Lessons in Oral Health
(November 2012) Physicians and dentists went their separate ways in the mid-1800s, divorcing the care of mouth from the rest of the body for well over a century.
Until a U.S. Surgeon General’s landmark report Oral Health in America in 2000, there had been little reason to consider reconciliation.
“When I was in school we weren’t even taught to look at teeth,” says Mark Deutchman, MD, professor of family medicine and Colorado Area Health Education Center (AHEC) associate director for multidisciplinary education. “There wasn’t anything we could do about them. They were just things that got in the way when we looked at the tonsils.”
But the report broke ground by calling for oral health education for all health providers to combat problems that today are considered entirely preventable: escalating numbers of children with tooth decay and adults with
Children are getting a lot of the attention because the need is reaching crisis levels, Deutchman says. Dental disease is the nation’s most common chronic disease in children.
“The number one use of the operating room at Children’s Hospital is total mouth reconstruction,” says Anita Glicken, former associate dean of CU’s Child Health Associate/Physician Assistant Program.
That surgery costs between $8,000 and $12,000, Deutchman says, pointing out, “You can buy a lot of prevention for that.”
Even so, why would non-dentists be tapped to perform oral exams? Keeping oral care in the realm of dentistry would work if not for the fact that a large percentage of the U.S. population doesn’t visit dentists except in emergencies. Forty percent of Coloradans do not have dental insurance, and few children have a dental home by age 1, which health care providers recommend, Deutchman says.
But, the report reasoned, if other providers from physician assistants to nurse practitioners and physicians were able to recognize decay, they could stop the disease process early by providing oral exams, hygiene and diet advice, and
The report set in motion changes that still reverberate in health care campuses around the country, particularly at the University of Colorado Anschutz Medical Campus, where:
Glicken said she’d never thought about teaching oral care to students until she was invited to a conference by Deutchman, who was already introducing oral care into the School of Medicine curriculum.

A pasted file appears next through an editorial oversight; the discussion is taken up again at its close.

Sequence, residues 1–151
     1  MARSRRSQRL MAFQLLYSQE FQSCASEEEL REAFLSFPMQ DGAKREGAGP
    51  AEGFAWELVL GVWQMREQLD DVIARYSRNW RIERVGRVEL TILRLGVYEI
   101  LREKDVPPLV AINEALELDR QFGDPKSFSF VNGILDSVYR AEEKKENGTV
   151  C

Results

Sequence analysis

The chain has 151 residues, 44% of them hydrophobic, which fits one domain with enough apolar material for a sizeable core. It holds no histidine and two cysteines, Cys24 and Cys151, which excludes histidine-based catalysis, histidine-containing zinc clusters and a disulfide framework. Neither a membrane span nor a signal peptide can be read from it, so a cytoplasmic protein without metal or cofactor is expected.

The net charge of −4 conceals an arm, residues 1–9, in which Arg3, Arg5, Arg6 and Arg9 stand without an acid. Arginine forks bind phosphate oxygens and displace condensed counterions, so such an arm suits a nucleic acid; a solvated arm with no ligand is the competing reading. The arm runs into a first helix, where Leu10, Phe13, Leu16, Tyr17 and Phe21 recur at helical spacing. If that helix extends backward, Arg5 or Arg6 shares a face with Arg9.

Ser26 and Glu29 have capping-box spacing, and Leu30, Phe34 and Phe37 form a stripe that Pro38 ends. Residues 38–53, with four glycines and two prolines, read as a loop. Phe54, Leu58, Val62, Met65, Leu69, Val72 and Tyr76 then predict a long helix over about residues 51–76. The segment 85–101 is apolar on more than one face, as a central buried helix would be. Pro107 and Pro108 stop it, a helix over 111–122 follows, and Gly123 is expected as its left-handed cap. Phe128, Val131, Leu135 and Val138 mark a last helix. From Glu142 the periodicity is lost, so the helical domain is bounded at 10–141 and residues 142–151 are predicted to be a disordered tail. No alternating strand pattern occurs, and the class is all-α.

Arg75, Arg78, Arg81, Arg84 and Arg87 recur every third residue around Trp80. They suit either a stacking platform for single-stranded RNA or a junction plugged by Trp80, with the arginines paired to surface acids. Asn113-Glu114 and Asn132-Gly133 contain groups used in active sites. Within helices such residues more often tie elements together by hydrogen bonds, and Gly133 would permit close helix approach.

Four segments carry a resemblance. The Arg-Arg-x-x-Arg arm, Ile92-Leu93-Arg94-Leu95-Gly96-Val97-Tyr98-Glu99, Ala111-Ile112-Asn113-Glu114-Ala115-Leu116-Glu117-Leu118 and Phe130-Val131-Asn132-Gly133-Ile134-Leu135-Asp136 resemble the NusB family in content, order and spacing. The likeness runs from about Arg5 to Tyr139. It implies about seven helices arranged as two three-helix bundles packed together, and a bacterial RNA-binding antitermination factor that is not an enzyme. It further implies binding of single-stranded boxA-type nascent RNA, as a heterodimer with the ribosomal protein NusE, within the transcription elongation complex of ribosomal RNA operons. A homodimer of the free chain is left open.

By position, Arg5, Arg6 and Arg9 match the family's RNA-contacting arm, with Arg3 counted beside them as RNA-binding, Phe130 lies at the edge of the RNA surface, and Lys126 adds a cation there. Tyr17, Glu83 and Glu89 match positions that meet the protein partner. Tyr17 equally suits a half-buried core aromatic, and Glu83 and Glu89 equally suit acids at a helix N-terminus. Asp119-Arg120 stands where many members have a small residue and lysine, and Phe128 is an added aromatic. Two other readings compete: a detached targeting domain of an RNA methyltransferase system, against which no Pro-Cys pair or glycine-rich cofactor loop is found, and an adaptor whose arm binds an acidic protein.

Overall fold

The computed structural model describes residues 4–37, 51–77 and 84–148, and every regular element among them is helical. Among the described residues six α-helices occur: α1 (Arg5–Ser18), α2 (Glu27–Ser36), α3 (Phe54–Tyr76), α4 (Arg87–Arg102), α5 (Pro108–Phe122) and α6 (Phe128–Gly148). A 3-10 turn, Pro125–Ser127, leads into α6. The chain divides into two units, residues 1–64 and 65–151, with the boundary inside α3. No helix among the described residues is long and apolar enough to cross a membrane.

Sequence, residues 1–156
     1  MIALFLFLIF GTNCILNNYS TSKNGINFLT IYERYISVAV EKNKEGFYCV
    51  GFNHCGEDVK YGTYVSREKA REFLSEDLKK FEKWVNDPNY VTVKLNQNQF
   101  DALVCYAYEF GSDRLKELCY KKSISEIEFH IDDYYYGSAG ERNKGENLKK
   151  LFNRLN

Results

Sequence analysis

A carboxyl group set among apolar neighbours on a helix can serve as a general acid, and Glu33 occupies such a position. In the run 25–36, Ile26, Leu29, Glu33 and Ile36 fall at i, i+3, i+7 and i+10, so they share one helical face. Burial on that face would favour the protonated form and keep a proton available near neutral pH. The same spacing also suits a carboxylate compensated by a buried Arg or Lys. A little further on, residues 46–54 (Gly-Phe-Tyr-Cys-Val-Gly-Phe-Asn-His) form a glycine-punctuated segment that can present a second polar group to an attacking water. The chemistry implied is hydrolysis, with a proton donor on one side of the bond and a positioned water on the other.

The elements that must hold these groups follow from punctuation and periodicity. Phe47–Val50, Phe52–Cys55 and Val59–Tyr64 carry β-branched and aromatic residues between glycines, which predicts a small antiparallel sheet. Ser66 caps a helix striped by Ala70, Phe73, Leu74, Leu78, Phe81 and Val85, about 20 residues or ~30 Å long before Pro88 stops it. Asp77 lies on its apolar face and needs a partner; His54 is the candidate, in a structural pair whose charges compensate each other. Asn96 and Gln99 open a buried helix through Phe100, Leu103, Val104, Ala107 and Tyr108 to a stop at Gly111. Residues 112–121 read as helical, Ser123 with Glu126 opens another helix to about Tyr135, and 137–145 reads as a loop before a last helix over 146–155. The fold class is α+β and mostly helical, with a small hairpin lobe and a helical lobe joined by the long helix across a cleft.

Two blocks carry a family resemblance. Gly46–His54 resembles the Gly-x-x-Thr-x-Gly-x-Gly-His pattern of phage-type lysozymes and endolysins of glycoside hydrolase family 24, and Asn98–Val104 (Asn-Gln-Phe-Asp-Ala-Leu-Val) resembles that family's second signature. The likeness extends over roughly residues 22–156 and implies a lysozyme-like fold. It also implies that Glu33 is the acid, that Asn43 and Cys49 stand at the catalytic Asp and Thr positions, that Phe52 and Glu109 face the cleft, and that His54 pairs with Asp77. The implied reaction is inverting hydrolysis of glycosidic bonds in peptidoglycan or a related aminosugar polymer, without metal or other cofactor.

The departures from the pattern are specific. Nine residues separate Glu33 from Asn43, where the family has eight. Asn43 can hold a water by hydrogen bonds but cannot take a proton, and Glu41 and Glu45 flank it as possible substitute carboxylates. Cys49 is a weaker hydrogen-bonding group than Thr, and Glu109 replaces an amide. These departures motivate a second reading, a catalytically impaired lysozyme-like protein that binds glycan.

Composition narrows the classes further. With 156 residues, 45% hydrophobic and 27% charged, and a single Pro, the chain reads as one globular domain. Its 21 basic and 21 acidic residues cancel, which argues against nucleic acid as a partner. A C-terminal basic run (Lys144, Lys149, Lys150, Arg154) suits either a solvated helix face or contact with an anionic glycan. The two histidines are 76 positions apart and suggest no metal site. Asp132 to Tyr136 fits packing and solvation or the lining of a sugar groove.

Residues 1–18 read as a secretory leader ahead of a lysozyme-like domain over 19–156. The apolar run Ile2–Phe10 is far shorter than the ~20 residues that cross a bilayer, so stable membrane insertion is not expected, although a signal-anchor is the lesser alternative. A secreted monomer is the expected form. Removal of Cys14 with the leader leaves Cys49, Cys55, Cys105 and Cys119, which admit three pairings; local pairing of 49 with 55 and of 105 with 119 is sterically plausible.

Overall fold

“It took me about two hours to realize the incredible gap in dental care,” she says. “Two years ago I knew nothing about this. Now four national PA organizations are engaged.”
Providers are paid extra by Medicaid for including these services in well-child visits, but in some
“We try to encourage general dentists to see little kids since there are so few pediatric dentists, particularly outside the Front Range,”
Dental schools historically have focused more on repairing disease than on
“The School of Dental Medicine is now at the forefront of teaching interprofessional care, increasing exposure to pediatric dentistry and preparing future dentists with an emphasis on prevention,” Brunson says.
Getting children’s oral health under control is important so they don’t become adults with oral health problems, Deutchman says.
“Baby teeth are the predictor of adult oral health,”
For adults, the problem is less about cavities and more about gums and what their condition means for overall health.
“For example, a gum inflammation can be related to vascular disease,”
The first exposure most CU medical students have to oral care comes in their second year of school with a lecture on the connection between oral health and overall health. Later, they spend a morning with dental students who teach them the basics of an oral exam.
“The medical students leave here varnished ear to ear,” Brunson says. “But just as important as learning the basics of oral health is the idea that different disciplines should work together.”
Now medical and dental students volunteer to run a drop-in clinic at the National Western Stock Show each January. They also travel to Fort Morgan to work with children in the Somali population through Cavity Free at Three.
And dental and medical students are starting a student interest group to serve needy communities, says fourth-year medical student Dave Baumgartner, who like Deutchman is the son of a dentist and who says the idea of expanding oral care impressed him as “logical and intuitive. I jumped right on board.”
The students’ interest is gratifying for Brunson, who came to CU after 15 years with the state Department of Health and Environment.
“It became evident to me that I might be able to have more impact here on campus,” Brunson says. “At the state, I was trying to change the behavior of existing practitioners … But then I realized that students practice what they learn in school and this is the place to be.”